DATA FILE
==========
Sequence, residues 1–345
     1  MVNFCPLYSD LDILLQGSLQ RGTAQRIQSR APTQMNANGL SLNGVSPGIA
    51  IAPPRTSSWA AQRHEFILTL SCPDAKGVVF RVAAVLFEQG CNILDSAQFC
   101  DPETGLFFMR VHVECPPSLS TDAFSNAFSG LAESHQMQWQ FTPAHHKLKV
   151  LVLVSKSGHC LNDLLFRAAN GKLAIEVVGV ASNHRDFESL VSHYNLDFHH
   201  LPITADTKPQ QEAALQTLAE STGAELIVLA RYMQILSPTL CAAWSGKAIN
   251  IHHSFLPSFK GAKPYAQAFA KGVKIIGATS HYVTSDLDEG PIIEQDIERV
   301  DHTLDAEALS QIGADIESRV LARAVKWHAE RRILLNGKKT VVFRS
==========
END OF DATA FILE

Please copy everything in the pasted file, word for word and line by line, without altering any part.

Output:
Sequence, residues 1–345
     1  MVNFCPLYSD LDILLQGSLQ RGTAQRIQSR APTQMNANGL SLNGVSPGIA
    51  IAPPRTSSWA AQRHEFILTL SCPDAKGVVF RVAAVLFEQG CNILDSAQFC
   101  DPETGLFFMR VHVECPPSLS TDAFSNAFSG LAESHQMQWQ FTPAHHKLKV
   151  LVLVSKSGHC LNDLLFRAAN GKLAIEVVGV ASNHRDFESL VSHYNLDFHH
   201  LPITADTKPQ QEAALQTLAE STGAELIVLA RYMQILSPTL CAAWSGKAIN
   251  IHHSFLPSFK GAKPYAQAFA KGVKIIGATS HYVTSDLDEG PIIEQDIERV
   301  DHTLDAEALS QIGADIESRV LARAVKWHAE RRILLNGKKT VVFRS